4) Don’t let the solar guys pressure you! We had a pair of fellas that visited us a couple times. It was the old, high-pressured “let’s sit around your dining table, make promises we can’t possibly keep, scare you into making a huge decision right now, and have you sign on the dotted line before we leave.” The friendly pressure was intense — and they stayed for over 2 hours each time! They also promised us they’d price match any competitor’s quote — but they reneged that promise and nitpicked the competitor’s quote (not to mention, bashed the competitor) when we actually showed them a quote that was better than theirs. At long last, after having the quote reviewed by their supervisor, they said they wouldn’t honor the quote because it wasn’t apples for apples. In that, they were right — the competitor’s product was superior and their price lower. And these fellas also promised us we could make huge sums of cash for every referral we’d make to them — but how could we be sure they’d keep their word when they bucked at the competitor’s quote and they spoke in circular arguments and changed their phrasing when we’d point out something erroneous they said? Needless to say, we didn’t sign anything for those fellas.
5) Know what you want before you ask for it! We had done a little research when we first reached out to solar companies but we quickly figured out that they can give you a better quote if you know what you’re looking for (not to mention that you’re more likely to buy a product you like if you know the ins and outs of said product). Would you prefer roof vs ground vs carport mounted? String vs individual inverters? Sunny Boy vs Enphase? And what about warranty lengths and limitations? Financing options? And, yes, researching each specific company is crucial. Are they a pop-up business that’s likely to disappear 5 minutes after they install your solar? Or does their reputation in the solar industry prove they’ll stand by their warranty? Never forget — polling friends on their solar providers is an invaluable resource!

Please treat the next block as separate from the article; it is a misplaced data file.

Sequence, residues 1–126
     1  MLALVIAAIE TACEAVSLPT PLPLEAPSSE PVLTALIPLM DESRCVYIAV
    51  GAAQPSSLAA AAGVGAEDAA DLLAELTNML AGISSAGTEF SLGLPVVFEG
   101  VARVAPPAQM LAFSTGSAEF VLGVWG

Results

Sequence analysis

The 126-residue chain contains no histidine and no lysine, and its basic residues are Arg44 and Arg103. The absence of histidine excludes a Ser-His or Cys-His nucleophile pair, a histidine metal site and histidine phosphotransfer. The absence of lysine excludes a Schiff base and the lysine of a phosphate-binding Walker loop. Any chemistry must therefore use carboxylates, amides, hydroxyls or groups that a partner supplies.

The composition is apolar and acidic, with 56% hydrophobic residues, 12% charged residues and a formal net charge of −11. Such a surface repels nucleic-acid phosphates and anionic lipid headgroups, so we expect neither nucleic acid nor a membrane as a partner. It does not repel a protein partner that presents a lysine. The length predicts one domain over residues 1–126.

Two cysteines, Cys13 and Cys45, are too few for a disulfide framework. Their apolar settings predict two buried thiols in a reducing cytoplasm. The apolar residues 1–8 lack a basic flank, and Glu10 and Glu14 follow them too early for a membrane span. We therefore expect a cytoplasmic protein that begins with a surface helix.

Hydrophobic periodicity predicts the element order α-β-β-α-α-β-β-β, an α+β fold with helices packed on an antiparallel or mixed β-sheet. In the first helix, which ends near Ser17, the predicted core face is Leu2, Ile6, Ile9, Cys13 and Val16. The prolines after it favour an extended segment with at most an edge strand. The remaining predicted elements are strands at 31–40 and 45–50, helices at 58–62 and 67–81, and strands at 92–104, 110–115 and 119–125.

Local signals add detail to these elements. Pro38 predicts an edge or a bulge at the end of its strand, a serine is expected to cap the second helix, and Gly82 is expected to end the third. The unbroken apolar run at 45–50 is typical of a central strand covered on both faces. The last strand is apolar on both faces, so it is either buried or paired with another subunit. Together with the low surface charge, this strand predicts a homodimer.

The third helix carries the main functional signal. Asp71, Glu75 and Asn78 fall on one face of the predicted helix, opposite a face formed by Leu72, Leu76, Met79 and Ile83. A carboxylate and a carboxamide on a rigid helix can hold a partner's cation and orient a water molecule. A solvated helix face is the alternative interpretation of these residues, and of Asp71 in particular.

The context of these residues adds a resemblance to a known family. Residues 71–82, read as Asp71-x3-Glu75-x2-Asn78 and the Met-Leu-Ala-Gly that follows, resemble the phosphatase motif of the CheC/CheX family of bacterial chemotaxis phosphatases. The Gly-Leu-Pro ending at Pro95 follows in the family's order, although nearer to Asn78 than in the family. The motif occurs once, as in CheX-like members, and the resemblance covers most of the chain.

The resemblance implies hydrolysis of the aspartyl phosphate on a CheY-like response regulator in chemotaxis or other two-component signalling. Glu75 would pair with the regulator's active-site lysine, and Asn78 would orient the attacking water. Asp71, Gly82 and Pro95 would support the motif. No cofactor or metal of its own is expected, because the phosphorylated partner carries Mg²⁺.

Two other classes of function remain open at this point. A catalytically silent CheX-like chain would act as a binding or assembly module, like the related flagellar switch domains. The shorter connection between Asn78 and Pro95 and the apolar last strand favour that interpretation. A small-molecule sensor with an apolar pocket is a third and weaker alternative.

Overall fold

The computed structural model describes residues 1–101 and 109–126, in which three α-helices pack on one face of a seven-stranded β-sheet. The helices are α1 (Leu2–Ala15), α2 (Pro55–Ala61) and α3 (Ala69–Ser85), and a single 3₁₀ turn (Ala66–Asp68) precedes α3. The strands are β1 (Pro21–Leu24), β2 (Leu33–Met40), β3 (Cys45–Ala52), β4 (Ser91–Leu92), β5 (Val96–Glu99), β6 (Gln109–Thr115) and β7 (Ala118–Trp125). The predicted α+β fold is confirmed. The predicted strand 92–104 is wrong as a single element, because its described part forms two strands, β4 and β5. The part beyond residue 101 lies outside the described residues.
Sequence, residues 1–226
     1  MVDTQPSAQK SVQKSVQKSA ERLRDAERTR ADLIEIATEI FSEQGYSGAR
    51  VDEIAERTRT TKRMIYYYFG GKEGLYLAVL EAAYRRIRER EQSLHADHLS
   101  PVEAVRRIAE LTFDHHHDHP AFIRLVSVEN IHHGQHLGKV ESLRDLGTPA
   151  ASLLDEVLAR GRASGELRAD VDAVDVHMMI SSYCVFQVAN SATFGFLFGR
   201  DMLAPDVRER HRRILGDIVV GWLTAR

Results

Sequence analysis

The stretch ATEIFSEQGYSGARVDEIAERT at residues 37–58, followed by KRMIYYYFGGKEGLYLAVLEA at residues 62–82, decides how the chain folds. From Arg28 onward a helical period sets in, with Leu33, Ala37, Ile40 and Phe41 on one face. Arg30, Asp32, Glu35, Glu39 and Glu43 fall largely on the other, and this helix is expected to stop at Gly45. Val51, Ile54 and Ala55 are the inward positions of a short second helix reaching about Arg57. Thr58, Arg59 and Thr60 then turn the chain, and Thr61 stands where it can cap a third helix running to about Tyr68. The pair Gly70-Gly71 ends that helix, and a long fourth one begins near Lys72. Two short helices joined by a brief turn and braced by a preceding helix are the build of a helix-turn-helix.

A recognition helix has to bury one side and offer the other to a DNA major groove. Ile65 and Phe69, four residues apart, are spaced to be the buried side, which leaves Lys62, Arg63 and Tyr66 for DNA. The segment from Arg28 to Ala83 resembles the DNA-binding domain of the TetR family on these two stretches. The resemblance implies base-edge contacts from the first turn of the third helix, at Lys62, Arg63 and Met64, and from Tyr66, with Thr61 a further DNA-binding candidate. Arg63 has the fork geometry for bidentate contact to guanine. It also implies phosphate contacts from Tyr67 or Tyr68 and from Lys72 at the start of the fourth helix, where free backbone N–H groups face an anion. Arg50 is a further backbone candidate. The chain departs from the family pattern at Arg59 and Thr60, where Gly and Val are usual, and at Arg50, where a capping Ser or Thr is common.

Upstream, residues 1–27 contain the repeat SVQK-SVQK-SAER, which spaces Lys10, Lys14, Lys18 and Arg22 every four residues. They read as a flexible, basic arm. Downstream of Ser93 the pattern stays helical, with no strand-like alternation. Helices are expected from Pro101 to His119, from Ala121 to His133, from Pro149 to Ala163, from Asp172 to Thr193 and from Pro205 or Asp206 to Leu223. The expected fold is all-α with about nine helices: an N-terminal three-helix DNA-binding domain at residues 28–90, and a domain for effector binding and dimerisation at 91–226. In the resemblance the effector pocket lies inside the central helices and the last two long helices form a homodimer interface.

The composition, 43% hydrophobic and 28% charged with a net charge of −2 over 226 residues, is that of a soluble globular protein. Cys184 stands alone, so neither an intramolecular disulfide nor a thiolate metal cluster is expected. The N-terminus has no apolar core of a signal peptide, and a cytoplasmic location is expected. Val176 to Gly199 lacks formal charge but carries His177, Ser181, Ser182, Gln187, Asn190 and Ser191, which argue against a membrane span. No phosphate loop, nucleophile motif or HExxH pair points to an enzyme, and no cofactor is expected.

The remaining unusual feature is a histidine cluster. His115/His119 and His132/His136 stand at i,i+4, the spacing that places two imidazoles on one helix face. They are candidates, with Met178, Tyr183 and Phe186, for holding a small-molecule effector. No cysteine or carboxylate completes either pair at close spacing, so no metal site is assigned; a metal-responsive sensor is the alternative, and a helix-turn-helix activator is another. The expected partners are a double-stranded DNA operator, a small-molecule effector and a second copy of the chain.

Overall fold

6) Check into your HOA’s solar statutes! The last thing you want to do is waste your time researching, getting quotes, hearing sales pitches, only to discover your HOA doesn’t allow solar panels. And you don’t want to sign a contract for roof-mounted only to discover they require ground-mounted (or vice versa). Oh, and while you’re at it, pull up a copy of your electric company’s solar hook-up requirements and make sure you know how their process works. Do they require an independent inspector to examine the work or will they have their own inspector do the job? What’s their timeframe from application submittal to activating your system? And it’s not a bad idea to forward a copy over to your solar installer just so you know everyone’s on the same page.
7) Know how you’ll finance your panels! No kidding, panels are expensive. Ours will pay for themselves in about 11-14 years. That being said, if you’re not planning to stick around that long in your house then panels might not be right for you. We refinanced our house to pay for ours, but there are multiple ways to finance. HELOC. Financing directly through your solar company. Getting a 3rd party loan. Putting it on credit card. Borrowing from a friend. And so on. The means doesn’t matter as long as you know how you’re gonna do it — and it makes financial sense for your situation.